Skip Navigation

Protecting Health, Saving Lives—Millions at a Time

COVID-19 | School of Public Health Expert Insights

COVID-19

School of Public Health Expert Insights

COVID-19 Myths vs. Realities

By Jackie Powder | March 20, 2020

The swiftly moving novel coronavirus continues its relentless spread around the world, upending life as we know it and creating a breeding ground for misinformation. Some rumors are harmless, while others can be dangerous, stoking fear and threatening health. Here, we separate true from false, based on the best science and expertise available.


Myth:

The novel coronavirus is a bioweapon.

Reality:

“At this point, there is no genetic evidence of anything other than a naturally occurring virus. It is true that there is a major laboratory in Wuhan that studies coronaviruses and has a large collection of coronaviruses. But from the analyses that have been done … there isn’t any evidence that this virus has been engineered or is different from something that has been found in nature.” 1

Tom Inglesby, MD, Director, Johns Hopkins Center for Health Security 


Myth:

The coronavirus remains in the throat for 4 days, causing sore throat and coughing before it reaches the lungs. Drinking a lot of water and gargling with warm water and salt or vinegar eliminates the virus.

Reality:

“While it is true that coronavirus can cause a sore throat and gargling with warm water may make it feel better, it has no direct effect on the virus.

Amesh Adalja, MD, Senior Scholar, Johns Hopkins Center for Health Security


Myth:

Children are immune to the coronavirus.

Reality:

“We have seen [in a study out of China] that children are being infected in the same distribution as other age groups—they’re just not symptomatic. Unless you were really carefully doing contact tracing, you would miss those kids and might have the impression that kids just aren’t getting infected. It does appear … that kids are getting infected—they just have minimal symptoms. So the good news continues to be that so far no reports have come out saying that kids are getting severe illness in high numbers, but it does appear that kids are getting infected in the same way that other age groups are getting infected.” 1

Tom Inglesby, MD, Director, Johns Hopkins Center for Health Security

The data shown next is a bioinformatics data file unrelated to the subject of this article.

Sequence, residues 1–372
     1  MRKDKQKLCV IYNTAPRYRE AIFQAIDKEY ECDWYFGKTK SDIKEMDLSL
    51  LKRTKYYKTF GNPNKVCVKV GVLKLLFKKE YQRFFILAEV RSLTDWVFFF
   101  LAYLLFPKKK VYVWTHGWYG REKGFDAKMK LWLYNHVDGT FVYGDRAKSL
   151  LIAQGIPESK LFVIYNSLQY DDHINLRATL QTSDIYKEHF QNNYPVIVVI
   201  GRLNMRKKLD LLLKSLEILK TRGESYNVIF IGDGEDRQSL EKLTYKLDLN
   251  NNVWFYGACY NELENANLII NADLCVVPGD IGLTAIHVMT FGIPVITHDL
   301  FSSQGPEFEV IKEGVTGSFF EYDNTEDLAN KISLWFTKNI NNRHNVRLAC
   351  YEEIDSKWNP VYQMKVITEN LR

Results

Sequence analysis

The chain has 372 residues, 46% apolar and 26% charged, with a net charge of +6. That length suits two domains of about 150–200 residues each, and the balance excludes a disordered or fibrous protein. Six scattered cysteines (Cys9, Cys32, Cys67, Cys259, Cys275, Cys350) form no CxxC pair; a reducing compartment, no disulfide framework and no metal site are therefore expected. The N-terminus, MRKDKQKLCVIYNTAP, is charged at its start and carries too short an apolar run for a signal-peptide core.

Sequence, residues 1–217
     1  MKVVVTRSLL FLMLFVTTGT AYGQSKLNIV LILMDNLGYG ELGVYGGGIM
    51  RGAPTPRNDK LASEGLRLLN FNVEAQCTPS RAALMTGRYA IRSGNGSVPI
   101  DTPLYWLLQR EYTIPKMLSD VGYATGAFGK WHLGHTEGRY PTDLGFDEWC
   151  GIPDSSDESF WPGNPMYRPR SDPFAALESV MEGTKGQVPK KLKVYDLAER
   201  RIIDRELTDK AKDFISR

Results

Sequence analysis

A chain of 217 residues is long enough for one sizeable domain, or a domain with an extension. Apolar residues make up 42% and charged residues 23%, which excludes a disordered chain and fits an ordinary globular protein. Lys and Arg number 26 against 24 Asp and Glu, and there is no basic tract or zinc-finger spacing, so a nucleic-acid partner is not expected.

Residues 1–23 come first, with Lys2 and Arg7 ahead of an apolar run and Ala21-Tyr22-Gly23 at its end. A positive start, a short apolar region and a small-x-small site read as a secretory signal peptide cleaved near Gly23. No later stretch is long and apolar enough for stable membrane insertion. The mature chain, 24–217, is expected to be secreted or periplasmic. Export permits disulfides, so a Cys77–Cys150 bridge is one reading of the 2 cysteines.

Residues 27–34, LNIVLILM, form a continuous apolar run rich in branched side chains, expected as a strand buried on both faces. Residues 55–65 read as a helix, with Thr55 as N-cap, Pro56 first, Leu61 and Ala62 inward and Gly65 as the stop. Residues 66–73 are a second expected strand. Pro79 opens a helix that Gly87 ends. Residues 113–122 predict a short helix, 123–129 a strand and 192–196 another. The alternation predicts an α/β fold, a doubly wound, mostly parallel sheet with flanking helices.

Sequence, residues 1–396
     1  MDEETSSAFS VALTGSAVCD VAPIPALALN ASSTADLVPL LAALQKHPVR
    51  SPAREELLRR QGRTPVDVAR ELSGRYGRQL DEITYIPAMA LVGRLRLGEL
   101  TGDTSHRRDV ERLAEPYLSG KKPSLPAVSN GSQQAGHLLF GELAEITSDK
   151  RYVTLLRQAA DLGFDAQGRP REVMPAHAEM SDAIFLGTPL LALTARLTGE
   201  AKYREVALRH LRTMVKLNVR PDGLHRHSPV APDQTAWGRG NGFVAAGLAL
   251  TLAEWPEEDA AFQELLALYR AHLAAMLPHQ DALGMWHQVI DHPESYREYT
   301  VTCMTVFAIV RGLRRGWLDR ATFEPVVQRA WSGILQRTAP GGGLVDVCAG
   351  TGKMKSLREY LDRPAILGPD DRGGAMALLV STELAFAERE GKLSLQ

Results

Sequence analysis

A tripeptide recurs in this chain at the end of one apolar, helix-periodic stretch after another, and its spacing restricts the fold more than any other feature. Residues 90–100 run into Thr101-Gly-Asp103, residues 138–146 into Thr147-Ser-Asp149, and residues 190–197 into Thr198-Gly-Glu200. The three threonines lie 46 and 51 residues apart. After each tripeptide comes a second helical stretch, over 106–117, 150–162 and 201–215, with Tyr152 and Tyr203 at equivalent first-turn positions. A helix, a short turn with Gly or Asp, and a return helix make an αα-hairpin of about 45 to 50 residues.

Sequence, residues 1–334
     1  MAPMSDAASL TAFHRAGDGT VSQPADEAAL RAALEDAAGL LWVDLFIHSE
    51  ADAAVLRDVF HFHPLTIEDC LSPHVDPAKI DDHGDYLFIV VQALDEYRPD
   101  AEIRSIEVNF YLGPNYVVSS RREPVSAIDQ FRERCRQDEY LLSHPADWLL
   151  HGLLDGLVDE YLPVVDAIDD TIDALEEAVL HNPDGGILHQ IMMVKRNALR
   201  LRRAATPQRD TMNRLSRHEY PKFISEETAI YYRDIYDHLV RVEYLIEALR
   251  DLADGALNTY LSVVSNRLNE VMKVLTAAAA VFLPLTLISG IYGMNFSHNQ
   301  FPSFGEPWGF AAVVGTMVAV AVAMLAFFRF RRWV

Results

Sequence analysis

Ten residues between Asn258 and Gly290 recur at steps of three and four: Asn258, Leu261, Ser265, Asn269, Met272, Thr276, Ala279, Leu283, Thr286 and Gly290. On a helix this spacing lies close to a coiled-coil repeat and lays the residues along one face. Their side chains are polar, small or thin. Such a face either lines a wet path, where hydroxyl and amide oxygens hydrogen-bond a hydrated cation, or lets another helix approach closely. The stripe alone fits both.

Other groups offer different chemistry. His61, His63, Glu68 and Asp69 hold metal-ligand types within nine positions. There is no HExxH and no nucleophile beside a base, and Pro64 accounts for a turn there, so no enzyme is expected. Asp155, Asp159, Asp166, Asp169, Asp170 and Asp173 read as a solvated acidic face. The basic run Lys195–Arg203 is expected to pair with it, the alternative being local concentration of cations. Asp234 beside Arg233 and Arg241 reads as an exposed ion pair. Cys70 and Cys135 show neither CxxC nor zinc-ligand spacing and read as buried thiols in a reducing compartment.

Myth:

You can boost your immune system and lower your risk of getting COVID-19 by eating sweet potatoes and taking certain vitamins and supplements, or taking colloidal silver.

Reality:

“There is no evidence that you can boost your immune system by eating sweet potatoes, taking specific vitamins or supplements, or ingesting silver.

— Amesh Adalja, MD, Senior Scholar, Johns Hopkins Center for Health Security


Myth:

You can avoid the virus by drinking warm water every 15 minutes.

Reality:

“I’ve seen this kind of meme going around the internet. There’s also a claim that if people drink cold water, their lungs will become fibrotic. I want to stress that there's no evidence at all to support these claims.” 2

— Jennifer Nuzzo, DrPH, SM, Senior Scholar, Johns Hopkins Center for Health Security 


1. “Tom Inglesby Answers your COVID-19 Questions” March 13, 2020 episode of Public Health on Call, Johns Hopkins Bloomberg School of Public Health

2. “Jennifer Nuzzo Answers Your COVID-19 Questions, Round 2” March, 20, 2020 episode of Public Health on Call, Johns Hopkins Bloomberg School of Public Health

Myth:

You can self-treat for COVID-19 by taking chloroquine phosphate, an additive used to clean fish tanks.

Reality:

Although chloroquine and hydroxychloroquine have been mentioned as possible treatments for COVID-19, fish tank cleaning products that contain chloroquine phosphate are not intended for human use. While chloroquine phosphate can be used to treat malaria, it is a dangerous, lethal poison if not used correctly with a physician. Neither hydroxychloroquine or chloroquine have been proven to definitively work for COVID-19. Preliminary data suggest a small benefit but this has to be validated.

David Sullivan, MD, Professor, Johns Hopkins Malaria Research Institute